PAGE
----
Although K 2016, the world’s largest plastics industry trade show, also took place in October, it was actually at CPhI Worldwide in Barcelona on 4-6 October, that Clariant launched its latest innovation. Developed jointly with the Swiss-based security specialist SICPA, Plastiward is described “as a robust integrated protection for plastic pharmaceutical packaging or medical devices”.
Other major suppliers and compounders of plastics, notably Celanese, PolyOne and Plastics Color Corporation (PCC) have previously launched similar materials-based protection systems, but this is believed to be the first to be supplied in a joint venture, to be combined with a specific detection device and to be targeted specifically at the medical sector. Plastiward integrates four things:
- A polymer compound or masterbatch concentrate from Clariant, which is produced under cGMP and ISO 13485 protocols for tight control and full traceability of raw materials. The polymers used include all those generally used in medical devices, such as polyethylene (PE), polypropylene (PP), polycarbonate (PC), acrylonitrile butadiene-styrene (ABS) and PC-ABS blends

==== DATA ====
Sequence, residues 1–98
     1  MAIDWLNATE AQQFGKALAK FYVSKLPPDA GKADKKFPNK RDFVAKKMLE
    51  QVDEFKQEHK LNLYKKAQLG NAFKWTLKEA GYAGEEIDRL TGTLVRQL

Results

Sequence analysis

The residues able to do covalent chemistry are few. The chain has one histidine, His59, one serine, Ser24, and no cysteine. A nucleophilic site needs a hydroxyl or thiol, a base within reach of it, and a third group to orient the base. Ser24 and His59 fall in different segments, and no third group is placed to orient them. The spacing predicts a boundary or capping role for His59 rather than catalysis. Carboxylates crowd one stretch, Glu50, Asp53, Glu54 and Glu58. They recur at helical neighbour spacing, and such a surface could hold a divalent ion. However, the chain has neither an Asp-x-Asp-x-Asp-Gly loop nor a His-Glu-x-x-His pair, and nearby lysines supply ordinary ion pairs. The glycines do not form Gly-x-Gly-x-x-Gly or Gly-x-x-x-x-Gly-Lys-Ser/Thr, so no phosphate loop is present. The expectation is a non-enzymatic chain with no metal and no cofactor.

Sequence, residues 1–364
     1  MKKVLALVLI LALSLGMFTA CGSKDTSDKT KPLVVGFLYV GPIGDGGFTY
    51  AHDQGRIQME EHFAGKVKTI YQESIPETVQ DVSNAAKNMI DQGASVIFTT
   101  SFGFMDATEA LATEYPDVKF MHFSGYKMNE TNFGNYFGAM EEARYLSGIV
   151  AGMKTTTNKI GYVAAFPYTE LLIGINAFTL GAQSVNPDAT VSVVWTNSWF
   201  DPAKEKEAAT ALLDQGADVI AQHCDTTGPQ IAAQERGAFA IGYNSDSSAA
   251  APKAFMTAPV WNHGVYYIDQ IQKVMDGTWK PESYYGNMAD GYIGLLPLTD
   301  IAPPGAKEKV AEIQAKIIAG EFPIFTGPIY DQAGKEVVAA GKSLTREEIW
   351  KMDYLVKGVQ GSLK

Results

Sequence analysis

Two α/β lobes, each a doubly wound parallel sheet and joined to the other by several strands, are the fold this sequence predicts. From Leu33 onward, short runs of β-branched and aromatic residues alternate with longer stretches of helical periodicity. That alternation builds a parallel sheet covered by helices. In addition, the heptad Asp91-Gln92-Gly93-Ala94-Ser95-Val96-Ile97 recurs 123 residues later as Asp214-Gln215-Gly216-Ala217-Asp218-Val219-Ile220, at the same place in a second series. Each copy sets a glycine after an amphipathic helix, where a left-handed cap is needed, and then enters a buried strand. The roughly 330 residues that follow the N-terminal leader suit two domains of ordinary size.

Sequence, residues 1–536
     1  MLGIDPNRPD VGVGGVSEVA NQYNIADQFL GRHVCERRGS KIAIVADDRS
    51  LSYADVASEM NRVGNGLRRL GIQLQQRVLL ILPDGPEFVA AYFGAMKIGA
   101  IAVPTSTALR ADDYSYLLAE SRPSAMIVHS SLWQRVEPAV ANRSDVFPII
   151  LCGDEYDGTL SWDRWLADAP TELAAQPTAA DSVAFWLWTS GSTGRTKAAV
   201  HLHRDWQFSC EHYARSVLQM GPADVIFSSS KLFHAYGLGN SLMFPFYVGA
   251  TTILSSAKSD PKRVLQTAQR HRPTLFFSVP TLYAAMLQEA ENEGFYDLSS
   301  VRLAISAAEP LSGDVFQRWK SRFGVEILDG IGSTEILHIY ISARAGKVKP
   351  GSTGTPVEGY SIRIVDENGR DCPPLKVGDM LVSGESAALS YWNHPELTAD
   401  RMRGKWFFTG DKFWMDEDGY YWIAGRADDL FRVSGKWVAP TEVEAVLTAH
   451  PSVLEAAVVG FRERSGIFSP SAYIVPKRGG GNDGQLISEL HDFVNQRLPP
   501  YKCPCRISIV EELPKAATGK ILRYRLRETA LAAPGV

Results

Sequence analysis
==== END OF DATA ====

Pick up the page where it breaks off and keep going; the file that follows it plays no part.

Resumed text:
- A proprietary and unique taggant or tracer, a microscopic particle produced by SICPA using complex manufacturing processes to ISO 9001 standards and added to the resin during the compounding process to give it a unique identification signal
- A proprietary hand-held detection device for instant authentication, making the combination with the taggant “virtually impossible to reverse engineer,” according to Clariant
- A secure inspection platform, developed by SICPA for monitoring and tracking field auditing activities and processes, thus enabling pharmaceutical companies to monitor their products from factory to pharmacy in real time
The driver for developing Plastiward was obvious enough: the medical device market is growing rapidly because of the increased incidence of chronic health conditions in an ageing population that can be treated with devices offering targeted drug delivery. Estimates of the market’s actual size vary enormously, but MarketsandMarkets projects that it will grow by 6.5% per year from 2014 to 2020.1